Archive for May, 2011

The fourth PIRATES film is the first big disappointment of the summer

Posted in Festival/awards on May 19, 2011 by Steve Mesa

It seemed like the Pirates of the Caribbean franchise was over with the conclusion of the overstuffed and bloated third entry, At World’s End. However, Johnny Depp is back as Captain Jack Sparrow along with some new and old faces for the fourth entry in the franchise, Pirates of the Caribbean: On Stranger Tides.

Jack (Depp) finds himself on trial for piracy after when he learns someone has been impersonating him to put a crew together in search of the Fountain of Youth. The imposter turns out to be Angelica (Penelope Cruz), a love interest that Jack had feelings for a long time ago and the daughter of the notorious pirate Blackbeard (Ian McShane). Jack, Angelica and Blackbeard soon embark on a quest to find the Fountain, while Jack’s nemesis Hector Barbossa (Geoffrey Rush) is sent by the King of England to get to the Fountain before the Spaniards.

This movie does get points in telling a comprehensible plot unlike the last two installments; however, the problem is that the “search for the Fountain of Youth” plot is a boring plot for a film of this caliber. The film lacks the fantastical elements that have supported the Pirates franchise as it seems that screenwriters Ted Elliot and Terry Rosario just ran out of original ideas for On Stanger Tides.

Aside from the whole Fountain of Youth plot, we have an unwelcoming and forced romance subplot that involves a minister (Sam Claflin) and a mermaid (Astrid Berges-Frisbey), which could easily be a substitute for the “missing” Orlando Bloom/Keira Knightley element and another subplot that involves some Spaniards who are also looking for the Fountain too.

The only true stand-out moment in this bore-of-a-movie is the mermaid sequence. This scene manages to capture the beauty of these stunning sea creatures, while at the same time showcase the mermaid’s vicious brutality that their prey would endure if they fall into the water.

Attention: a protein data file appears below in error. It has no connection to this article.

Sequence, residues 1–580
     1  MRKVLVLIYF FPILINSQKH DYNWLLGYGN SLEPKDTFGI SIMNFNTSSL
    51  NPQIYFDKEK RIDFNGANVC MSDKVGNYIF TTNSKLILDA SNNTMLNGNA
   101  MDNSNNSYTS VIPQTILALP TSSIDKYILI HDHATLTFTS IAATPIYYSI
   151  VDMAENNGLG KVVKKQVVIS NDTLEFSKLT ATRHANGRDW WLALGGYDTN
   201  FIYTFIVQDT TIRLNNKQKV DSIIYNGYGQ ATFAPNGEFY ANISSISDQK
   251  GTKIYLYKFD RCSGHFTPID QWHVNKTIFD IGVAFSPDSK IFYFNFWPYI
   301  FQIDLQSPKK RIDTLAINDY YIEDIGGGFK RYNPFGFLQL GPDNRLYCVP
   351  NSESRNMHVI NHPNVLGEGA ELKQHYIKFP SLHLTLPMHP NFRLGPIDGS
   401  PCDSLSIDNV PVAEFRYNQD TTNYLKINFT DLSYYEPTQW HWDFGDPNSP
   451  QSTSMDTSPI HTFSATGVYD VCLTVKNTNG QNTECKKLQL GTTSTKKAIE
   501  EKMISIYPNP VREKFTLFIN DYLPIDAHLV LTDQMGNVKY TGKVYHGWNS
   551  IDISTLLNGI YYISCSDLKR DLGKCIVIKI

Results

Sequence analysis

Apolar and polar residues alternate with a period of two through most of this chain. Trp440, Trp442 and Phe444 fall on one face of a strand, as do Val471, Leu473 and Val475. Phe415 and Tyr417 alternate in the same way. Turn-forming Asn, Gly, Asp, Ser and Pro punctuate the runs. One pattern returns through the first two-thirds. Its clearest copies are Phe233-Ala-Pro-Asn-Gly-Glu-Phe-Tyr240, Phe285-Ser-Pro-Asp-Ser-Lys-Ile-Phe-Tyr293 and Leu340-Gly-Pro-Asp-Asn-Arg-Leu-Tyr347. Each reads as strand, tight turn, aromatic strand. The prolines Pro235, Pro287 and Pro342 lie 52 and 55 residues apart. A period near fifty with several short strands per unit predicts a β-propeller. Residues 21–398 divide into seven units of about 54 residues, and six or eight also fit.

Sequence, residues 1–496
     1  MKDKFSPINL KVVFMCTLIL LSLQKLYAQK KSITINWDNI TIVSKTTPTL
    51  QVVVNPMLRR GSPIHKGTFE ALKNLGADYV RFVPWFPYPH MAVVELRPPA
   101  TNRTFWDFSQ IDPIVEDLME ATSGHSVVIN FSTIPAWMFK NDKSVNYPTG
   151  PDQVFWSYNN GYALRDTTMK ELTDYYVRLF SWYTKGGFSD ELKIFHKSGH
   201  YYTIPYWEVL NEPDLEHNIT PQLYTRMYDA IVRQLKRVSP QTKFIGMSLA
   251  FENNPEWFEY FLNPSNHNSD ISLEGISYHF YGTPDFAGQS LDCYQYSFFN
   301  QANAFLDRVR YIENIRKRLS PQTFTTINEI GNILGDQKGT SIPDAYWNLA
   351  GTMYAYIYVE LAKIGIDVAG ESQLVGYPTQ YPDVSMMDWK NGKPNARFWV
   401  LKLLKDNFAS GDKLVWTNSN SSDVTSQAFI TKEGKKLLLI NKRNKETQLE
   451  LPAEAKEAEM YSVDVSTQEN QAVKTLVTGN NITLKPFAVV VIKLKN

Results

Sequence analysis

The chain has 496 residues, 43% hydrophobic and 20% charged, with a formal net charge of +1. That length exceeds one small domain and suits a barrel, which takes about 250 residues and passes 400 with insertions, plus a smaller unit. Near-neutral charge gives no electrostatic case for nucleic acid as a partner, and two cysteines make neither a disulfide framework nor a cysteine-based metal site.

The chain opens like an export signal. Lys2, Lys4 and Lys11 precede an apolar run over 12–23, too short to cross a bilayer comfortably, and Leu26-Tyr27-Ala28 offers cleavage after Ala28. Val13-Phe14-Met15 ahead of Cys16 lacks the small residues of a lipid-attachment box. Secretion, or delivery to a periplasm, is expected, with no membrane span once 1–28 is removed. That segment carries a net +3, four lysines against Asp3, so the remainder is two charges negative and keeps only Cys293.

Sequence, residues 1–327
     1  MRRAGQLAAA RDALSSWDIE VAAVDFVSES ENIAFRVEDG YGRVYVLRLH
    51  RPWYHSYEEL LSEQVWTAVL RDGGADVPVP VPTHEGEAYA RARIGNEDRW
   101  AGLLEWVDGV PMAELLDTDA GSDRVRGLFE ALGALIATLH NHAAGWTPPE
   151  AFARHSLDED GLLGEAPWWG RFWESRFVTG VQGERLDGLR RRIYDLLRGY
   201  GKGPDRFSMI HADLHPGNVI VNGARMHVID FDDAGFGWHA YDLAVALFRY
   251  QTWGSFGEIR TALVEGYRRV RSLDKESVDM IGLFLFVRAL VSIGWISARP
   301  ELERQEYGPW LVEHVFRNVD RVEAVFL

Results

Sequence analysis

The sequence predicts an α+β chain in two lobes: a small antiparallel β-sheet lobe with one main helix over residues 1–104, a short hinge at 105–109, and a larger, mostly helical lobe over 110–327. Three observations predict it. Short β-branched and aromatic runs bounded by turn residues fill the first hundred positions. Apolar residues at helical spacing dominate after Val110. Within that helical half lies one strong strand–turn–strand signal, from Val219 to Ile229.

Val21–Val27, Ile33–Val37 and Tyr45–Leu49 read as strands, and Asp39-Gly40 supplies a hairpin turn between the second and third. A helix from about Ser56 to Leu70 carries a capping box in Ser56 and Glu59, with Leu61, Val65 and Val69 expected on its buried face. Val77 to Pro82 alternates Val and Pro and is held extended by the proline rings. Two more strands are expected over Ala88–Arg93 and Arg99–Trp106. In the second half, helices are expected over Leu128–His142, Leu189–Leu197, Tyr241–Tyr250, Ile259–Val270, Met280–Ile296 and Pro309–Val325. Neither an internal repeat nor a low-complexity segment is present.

Being this is the fourth time that Depp is playing Sparrow, it really shows in his performance that he is not bringing anything new to the table. I could be wrong for all I know because maybe next year, the Hollywood Foreign Press Association could nominate Depp for Best Actor again for On Stanger Tides. Who knows? The supposed romantic tension between Depp and Cruz is nowhere to be seen as it feels forced and unconvincing. The only two actors that really try to bring anything to their performance are McShane as Blackbeard and Rush as Barbossa.

Like Depp, Rob Marshall (Chicago), who is replacing Gore Verbinski in the director’s chair, brings nothing new to the table. Even though he tries do the best he can with the material given to him, Marshall’s direction for the action sequences seems over-choreographed and over-the-top including one sequence where Jack escapes by climbing a tree, swinging himself from one tree to another and dropping coconuts on people.

As the fourth entry in the franchise, On Stranger Tides is boring especially with the running time being as short in the franchise at 136 minutes. There could have been some fat-trimming done to make this film even shorter like leaving the priest/mermaid and Spaniard subplots on the cutting room floor.

Pirates of the Caribbean: On Stanger Tides is not only the franchise’s most disappointing entry, but the first disappointment of the summer. This film should be evidence enough that this tired and fledgling franchise should be put to rest.